When Australia got its first case of COVID-19, people were rightly panicked.
To many on the wards of the Canberra Hospital, the virus was still the great unknown - but not to Wendy Beckingham.
Her infection prevention and control team had been prepared for the coronavirus to hit for months.
Registered nurse and team member Farida Kavata said their practices and international connections meant they were ready since late 2019.
"When everyone else was dealing with the fires, we'd already started the preparation for coronavirus to land into Australia," she said.
"We were like, 'OK, we already know what we need to do, let's just get on the floors and try to sort everyone out and prepare everyone for what's coming.'"
Ms Kavata put the team's preparedness down to Ms Beckingham's outstanding leadership skills.
Before COVID-19, Ms Beckingham said people didn't care enough about infection prevention and control. She felt there was a whole generation of people who didn't embrace it.
Just before International Women's Day on Monday, she celebrated 50 years in nursing, and 36 years working at Canberra Hospital.
"Everybody [went], '[The team] are over there', or, 'Yes, that's part of our mantra', but I think now people really grasp why infection prevention and control is so important," Ms Beckingham said.
The theme for International Women's Day in 2021 is "Women in Leadership: Achieving an equal future in a COVID-19 world".
The ACT's response to the pandemic has been led by women, with Rachel Stephen-Smith as the ACT's Health Minister, Dr Kerryn Coleman as Canberra's Chief Health Officer, and Bernadette McDonald heading the territory's clinical response as Canberra Health Services' chief executive.
Ms Beckingham hoped she and her team of female nurses had helped pave the way for people to take infection prevention and control more seriously, even after coronavirus hopefully subsided.
"I feel that, maybe at the end of my career, we've been able to embed why we do infection prevention and control," Ms Beckingham said.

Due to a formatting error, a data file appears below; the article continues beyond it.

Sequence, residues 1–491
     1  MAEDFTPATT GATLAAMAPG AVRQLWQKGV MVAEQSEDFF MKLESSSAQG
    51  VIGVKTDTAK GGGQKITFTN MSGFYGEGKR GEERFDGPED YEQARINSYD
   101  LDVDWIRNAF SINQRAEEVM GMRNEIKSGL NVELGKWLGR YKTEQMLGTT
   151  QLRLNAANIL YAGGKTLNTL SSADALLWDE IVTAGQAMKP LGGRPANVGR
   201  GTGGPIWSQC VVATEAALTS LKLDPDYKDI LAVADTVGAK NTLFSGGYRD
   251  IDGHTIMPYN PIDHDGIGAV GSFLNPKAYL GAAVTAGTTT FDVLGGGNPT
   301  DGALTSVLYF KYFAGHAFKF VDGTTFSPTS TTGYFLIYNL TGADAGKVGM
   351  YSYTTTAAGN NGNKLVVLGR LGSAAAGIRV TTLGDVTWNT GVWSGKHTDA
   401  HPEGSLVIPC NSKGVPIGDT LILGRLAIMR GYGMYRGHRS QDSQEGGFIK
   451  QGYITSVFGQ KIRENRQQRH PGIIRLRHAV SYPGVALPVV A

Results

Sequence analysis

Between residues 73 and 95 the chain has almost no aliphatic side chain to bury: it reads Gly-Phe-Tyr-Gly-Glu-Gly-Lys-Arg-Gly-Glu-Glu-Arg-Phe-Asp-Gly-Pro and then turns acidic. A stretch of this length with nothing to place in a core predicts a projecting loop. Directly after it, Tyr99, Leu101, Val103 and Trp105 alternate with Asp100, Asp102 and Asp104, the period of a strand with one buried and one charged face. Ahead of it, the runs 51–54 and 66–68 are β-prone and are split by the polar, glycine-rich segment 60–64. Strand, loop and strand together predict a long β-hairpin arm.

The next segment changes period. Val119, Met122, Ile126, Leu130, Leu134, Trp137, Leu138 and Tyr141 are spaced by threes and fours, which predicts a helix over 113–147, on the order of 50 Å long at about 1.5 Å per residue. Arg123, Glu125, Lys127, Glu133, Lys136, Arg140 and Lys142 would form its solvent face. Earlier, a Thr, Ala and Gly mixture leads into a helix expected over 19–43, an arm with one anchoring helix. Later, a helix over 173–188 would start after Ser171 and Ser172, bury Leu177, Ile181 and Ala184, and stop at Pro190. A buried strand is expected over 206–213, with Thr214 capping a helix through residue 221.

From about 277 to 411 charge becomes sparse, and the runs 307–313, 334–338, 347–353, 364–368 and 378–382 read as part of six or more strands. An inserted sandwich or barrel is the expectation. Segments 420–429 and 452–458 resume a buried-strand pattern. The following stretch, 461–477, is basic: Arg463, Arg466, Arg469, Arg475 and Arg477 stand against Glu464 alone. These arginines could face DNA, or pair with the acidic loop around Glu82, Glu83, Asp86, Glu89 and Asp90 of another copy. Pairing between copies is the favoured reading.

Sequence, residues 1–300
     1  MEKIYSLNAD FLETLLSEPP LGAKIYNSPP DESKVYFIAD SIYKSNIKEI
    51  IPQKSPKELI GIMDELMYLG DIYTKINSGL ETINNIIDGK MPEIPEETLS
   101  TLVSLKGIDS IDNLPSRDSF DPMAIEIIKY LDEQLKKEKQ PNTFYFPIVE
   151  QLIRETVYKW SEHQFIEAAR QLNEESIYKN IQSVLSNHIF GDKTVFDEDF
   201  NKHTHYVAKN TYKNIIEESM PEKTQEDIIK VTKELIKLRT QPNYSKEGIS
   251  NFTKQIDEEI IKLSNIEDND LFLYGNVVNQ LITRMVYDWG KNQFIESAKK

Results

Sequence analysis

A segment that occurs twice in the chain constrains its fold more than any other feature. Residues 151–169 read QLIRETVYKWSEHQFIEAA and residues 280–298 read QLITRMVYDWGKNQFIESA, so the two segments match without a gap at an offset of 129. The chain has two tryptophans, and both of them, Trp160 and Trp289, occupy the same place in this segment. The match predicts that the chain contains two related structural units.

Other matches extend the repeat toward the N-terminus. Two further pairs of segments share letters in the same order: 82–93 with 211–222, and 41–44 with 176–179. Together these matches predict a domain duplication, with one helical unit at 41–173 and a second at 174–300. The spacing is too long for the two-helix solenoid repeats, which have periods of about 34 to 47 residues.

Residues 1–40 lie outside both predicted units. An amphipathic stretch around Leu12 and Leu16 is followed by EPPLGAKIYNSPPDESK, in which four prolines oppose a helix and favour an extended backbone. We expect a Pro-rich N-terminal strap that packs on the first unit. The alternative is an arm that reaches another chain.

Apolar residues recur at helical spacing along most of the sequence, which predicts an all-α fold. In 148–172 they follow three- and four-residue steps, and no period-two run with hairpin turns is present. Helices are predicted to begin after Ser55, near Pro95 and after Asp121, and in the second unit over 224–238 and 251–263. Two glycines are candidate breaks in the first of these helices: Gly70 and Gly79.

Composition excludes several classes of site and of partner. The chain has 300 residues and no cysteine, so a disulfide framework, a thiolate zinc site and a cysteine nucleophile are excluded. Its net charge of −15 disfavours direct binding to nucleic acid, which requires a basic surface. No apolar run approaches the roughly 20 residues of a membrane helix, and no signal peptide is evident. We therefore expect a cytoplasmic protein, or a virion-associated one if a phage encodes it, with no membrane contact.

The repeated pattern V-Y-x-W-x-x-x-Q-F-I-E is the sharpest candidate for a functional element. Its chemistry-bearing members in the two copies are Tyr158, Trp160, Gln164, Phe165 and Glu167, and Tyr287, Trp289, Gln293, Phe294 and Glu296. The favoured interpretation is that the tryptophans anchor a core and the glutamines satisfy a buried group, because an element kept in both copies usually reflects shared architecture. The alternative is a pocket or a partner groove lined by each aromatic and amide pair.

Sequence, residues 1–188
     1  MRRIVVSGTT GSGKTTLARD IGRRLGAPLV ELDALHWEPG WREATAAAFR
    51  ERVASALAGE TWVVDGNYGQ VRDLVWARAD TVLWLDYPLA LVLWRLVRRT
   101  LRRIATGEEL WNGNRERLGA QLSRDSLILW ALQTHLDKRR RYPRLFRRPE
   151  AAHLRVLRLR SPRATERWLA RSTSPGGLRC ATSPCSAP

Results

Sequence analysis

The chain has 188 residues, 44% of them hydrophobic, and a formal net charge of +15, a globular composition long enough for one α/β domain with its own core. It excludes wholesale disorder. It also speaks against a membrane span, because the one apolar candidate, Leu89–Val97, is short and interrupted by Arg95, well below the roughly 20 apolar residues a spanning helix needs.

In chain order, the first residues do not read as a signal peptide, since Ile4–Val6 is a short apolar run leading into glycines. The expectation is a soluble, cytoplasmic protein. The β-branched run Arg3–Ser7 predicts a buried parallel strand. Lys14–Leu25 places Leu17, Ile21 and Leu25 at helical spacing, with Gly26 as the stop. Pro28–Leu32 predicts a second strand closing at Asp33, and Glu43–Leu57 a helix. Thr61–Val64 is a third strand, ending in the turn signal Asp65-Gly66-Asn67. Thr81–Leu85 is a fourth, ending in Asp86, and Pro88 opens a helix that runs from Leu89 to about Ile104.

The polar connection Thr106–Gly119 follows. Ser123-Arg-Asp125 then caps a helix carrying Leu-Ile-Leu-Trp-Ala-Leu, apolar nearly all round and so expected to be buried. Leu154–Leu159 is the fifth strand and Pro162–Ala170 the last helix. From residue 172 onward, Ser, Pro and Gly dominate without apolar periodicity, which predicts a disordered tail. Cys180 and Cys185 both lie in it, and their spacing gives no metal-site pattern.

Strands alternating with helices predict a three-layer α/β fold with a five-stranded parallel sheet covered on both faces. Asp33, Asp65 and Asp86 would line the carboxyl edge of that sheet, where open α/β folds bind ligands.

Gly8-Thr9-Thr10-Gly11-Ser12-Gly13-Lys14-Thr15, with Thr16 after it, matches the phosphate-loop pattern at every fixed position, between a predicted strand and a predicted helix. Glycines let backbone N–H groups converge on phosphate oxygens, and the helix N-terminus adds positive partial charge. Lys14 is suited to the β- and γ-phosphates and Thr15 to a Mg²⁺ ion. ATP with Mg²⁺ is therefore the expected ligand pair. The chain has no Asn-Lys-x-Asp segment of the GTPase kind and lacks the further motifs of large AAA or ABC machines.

"Now we've got little ones coming through and they know how to wash their hands and how to do respiratory hygiene."
Ms Beckingham said while it was important to look to the future for women's improved equality, it was also vital to remember what older generations had already done for women's rights.
She said it was her parents' generation of women who'd decided they should go to work, but few women in her generation completed year 12 and went on to higher education.
Ms Beckingham was among the first in Canberra to complete a shortened two-year nursing course at the old Royal Canberra Hospital.
"I believe that we who went on are the pioneers for [younger] generations," Ms Beckingham said.
"We, in my early days, did a lot of striking as nurses to get equal pay, equal opportunity, equal everything for these people so they had the rights to go on and have a profession."
Canberra Hospital clinical midwifery manager Wendy Alder said Ms Beckingham's generation also paved the way for nursing and midwifery to move from hospital-based to university-based training.
"That saw the recognition of us as professionals in our own right," Ms Alder said.
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